Computer-aided design – definition and meaning
Computer-aided design or CAD refers to the use of computer software that supports the design process. The software helps us create, modify, analyze, and enhance a design. In other words, CAD is software that helps us design things.
Many people believe that computer-aided design refers just to drawings. In fact, it does not. CAD refers to any use of software to help in the design process.
CAD software replaces drafting by hand with an automated process. People working in architecture today have probably used 2-D or 3-D CAD programs. Those working in MEP or structural engineering have also probably used 2-D or 3-D CAD programs. MEP stands for mechanical, electrical and plumbing engineering
Computer-aided design makes designers’ work easier by enabling them to create, modify, and optimize designs. MIT’s Impact Labs says: “Indeed with CAD, you can create anything! OK, maybe not quite, but you can do a whole lot. It provides you with visualization capabilities that make it worth every effort you put into learning it.” (Image: impactlabs.mit.edu)
Europe’s largest manufacturing and electronics company, Siemens, makes the following comment:
“Computer-aided design is the use of computer programs to create two- or three-dimensional graphical representations of physical objects.”
Computer-aided design multi-dimensional viewing
We can rotate the two- or three-dimensional diagrams. Therefore, we can view them from several different angles. In fact, we can see from the inside looking outward. Designers use a special plotter or printer for professional design renderings.
People use computer-aided design for circuit design. The software may use system blocks to identify which components you need. It can also lay out the circuit diagram.
People like CAD programs because they can change different design ideas rapidly and easily.
After designing something, we can build and test it virtually. In other words, we can determine whether it will work. Companies like this because it reduces the cost of modifying prototypes and purchasing parts. Therefore, they get more mileage out of each dollar they spend.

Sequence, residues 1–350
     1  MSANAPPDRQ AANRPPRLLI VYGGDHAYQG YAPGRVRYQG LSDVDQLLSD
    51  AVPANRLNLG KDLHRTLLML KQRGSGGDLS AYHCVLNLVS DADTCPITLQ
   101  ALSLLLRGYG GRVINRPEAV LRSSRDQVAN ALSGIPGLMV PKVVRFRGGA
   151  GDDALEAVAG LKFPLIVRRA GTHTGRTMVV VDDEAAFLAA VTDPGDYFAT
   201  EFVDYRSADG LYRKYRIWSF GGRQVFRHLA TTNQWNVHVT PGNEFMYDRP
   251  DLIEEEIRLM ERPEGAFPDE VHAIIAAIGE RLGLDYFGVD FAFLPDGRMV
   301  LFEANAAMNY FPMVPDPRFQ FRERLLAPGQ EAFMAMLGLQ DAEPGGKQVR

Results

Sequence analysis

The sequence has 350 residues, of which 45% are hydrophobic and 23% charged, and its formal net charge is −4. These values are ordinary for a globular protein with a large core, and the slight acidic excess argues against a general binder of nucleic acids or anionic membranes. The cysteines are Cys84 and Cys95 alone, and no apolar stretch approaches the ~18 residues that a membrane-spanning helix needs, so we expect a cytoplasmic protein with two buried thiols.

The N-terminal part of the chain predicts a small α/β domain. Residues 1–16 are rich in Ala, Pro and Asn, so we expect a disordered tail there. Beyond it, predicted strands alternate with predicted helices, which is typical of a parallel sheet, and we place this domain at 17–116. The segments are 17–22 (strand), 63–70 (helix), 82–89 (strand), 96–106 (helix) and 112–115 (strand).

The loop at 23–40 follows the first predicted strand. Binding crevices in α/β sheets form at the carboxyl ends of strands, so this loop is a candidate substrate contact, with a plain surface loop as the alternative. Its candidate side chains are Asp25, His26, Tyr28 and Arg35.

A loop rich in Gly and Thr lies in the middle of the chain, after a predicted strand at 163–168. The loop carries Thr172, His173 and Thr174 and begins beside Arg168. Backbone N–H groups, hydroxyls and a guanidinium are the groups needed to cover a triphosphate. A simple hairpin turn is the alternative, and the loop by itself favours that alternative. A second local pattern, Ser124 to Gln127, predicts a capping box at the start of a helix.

A growing number of professions are using computer-aided design programs. Examples include artists, drafters, engineers, and architects.
The concept of designing geometric shapes for objects – computer-aided geometric design (CAGD) – is very similar to CAD.
A rotary compressor, courtesy of the Ariel Corporation. Modeled and rendered in Solid Edge, a CAD program owned by Siemens. (Image: plm.automation.siemens.com)
Range of computer-aided design systems
Computer-aided design software today exists for all the major computer platforms. For example, they exist for Mac OS X, Unix, Windows, and Linux. The user interface typically centers around a mouse which we hold with our hand. Pens and digitizing graphic tablets are also available.
With some CAD systems, you can use stereoscopic glasses to view three-dimensional models.
“Most U.S. universities no longer require classes for producing hand drawings using protractors and compasses. Instead, there are many classes and different types of CAD software.”
Computer-aided design benefits
– Better Visualization: of the finished product, sub-assemblies, and component parts of a CAD system significantly speeds up the design process.
– Better Accuracy: people who use CAD software work more accurately. In other words, they make fewer mistakes.
– Easier: CAD programs offer more robust and easier design documentation, including geometrics and dimensions, bills of materials, etc.
– Re-Use: the software offers easy re-use of best practices and design data.
Autodesk Inventor, one of the top-ten CAD programs on the market today. It enables designers to create animations, snapshots and exploded videos with a timeline-based story panel to manage it all. (Image: autodesk.co.uk)
Types of computer-aided design
There are many kinds of CAD, covering a vast range of uses. However, in each case, the design of their virtual components requires a different approach.
At the lower end of the 2D systems, there are several free and open source systems. In other words, there are many freely-available programs which we may modify and redistribute.
These programs provide an approach to drawing without all the intricacies regarding scale and placement on the drawing sheet that hand drafting requires. During the creation of the final draft, the designer can make adjustments.